Restoration

THE spiritual idea embodied in the word restoration is of tremendous significance, whether we take it in its many Scriptural settings or in the writings of our revered Leader, Mrs. Eddy. It is noteworthy that in both of these it is most frequently used in relation to health; indeed many of the Scriptural promises along this line would be included by Christian Scientists in the assurance of restored health, since health is a very inclusive word in Christian Science. Thus we find the psalmist praying, "Restore unto me the joy of thy salvation." Without health there can of course be no joy, nor can there be the dominion granted to man by virtue of his likeness to God. This does not mean that those who have not yet realized complete physical health are thereby deprived of joy; far from it. With the first dawn of light in Christian Science, the spiritual idea of health, joy, and dominion is revealed,—the eternal fact which mortal belief can neither give nor take away, even if it requires some time to "work out" this glorious idea on the human plane.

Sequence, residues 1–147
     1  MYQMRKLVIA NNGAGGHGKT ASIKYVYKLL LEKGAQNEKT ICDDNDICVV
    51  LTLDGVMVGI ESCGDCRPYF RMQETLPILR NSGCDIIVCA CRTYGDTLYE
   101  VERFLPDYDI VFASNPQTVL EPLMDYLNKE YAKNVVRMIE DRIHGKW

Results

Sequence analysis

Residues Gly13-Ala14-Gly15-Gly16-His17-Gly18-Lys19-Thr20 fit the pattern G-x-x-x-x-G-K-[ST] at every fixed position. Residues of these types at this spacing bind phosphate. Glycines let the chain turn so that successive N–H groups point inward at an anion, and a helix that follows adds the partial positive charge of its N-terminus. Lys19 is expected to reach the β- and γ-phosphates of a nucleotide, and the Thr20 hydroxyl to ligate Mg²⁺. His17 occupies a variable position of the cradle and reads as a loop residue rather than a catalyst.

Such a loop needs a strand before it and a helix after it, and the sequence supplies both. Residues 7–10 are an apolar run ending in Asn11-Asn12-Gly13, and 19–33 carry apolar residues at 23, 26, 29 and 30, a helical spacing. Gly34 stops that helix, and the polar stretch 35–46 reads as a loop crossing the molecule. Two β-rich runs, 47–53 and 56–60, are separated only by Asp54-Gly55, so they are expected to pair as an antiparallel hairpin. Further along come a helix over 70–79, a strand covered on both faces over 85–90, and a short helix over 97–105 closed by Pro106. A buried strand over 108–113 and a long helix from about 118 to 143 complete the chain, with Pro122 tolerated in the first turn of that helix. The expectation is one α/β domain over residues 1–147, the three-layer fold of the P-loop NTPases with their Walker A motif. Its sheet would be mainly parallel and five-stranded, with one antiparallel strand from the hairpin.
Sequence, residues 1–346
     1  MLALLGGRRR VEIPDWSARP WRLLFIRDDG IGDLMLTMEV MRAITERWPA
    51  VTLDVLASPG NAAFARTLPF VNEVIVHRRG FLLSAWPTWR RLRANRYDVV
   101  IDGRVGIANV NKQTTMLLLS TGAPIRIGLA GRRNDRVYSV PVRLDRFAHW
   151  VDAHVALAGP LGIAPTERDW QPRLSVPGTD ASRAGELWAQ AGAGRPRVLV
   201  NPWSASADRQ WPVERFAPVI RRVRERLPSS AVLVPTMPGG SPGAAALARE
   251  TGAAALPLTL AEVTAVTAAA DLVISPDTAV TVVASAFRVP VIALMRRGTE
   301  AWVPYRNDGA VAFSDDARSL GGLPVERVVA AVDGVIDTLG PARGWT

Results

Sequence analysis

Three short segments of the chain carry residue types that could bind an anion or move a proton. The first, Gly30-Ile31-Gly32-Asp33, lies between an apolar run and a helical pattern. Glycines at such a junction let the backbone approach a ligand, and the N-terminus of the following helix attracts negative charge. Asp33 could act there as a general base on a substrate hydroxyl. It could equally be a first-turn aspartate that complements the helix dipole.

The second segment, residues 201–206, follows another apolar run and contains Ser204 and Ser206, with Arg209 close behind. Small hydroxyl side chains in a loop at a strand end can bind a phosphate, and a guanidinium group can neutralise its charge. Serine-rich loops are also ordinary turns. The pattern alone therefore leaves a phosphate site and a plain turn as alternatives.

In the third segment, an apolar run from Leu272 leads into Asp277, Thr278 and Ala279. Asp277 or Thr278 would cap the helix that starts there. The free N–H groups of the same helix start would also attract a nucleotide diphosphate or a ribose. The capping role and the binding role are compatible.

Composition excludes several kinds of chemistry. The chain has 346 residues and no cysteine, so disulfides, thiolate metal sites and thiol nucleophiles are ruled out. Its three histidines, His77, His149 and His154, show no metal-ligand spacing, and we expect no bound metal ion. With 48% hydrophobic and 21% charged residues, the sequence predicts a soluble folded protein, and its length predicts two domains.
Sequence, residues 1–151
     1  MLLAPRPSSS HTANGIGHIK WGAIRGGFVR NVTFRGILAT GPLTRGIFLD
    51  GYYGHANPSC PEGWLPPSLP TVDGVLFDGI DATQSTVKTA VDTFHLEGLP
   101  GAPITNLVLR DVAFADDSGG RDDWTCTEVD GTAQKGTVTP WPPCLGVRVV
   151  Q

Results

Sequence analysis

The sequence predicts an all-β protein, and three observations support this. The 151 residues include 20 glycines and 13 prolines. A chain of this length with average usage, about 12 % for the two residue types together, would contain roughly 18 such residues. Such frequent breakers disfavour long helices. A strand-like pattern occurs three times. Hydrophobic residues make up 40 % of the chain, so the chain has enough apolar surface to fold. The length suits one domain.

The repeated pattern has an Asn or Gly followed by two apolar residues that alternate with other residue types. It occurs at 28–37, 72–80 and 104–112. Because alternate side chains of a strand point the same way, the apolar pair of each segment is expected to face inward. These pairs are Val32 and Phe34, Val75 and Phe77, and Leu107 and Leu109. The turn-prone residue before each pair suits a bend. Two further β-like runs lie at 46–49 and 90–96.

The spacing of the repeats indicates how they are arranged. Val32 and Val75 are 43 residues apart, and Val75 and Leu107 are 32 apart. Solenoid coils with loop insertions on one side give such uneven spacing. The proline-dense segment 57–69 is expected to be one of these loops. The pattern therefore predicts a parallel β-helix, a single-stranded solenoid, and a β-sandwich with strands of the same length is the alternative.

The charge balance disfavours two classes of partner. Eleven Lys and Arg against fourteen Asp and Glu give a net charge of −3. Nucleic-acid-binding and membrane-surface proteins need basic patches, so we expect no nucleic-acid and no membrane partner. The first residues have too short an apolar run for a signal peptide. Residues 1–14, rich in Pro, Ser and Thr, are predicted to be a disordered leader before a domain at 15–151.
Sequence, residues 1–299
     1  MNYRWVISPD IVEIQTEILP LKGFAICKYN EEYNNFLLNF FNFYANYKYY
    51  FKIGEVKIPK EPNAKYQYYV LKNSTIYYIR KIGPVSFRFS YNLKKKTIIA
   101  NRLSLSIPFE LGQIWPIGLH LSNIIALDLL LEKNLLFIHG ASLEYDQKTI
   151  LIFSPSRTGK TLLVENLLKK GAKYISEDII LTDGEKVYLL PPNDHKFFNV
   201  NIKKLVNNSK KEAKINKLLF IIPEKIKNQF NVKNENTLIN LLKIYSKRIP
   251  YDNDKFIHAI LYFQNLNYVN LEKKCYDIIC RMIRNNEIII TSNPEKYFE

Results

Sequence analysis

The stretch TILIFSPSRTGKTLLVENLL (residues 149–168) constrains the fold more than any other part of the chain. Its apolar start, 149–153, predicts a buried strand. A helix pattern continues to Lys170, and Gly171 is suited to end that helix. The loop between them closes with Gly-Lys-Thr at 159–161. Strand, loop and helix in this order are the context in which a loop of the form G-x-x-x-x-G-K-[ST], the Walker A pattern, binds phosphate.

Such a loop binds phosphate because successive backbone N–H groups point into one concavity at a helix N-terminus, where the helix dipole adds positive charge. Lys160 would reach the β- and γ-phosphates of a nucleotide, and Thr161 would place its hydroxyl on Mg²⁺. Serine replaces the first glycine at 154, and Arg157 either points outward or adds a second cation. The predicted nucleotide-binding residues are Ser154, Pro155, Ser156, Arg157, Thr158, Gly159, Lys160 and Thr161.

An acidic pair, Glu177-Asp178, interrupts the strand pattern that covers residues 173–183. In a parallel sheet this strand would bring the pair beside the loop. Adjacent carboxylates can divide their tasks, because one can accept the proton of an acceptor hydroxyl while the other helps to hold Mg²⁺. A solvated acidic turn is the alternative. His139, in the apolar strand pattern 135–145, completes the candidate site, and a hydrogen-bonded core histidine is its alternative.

Among the many beautiful passages of Scripture which deal with the idea of restoration, these inspiring words of the twenty-third psalm stand out with great prominence: "He restoreth my soul." This, as understood in Christian Science, means the restoration of the spiritual sense, which knows only harmony, and which knows no fear even in "the valley of the shadow of death." When Soul is understood as the eternal divine Principle governing man, the psalmist's declaration of truth explains the process of healing in Christian Science. If one reads the whole of the psalm with this understanding of Soul in view, he will see how it is possible to say, "I will fear no evil." In Isaiah also we find the promise that God will heal even one who had been wayward. The passage also reads: "I will ... restore comforts unto him."

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Editorial
Two Ways
August 12, 1916
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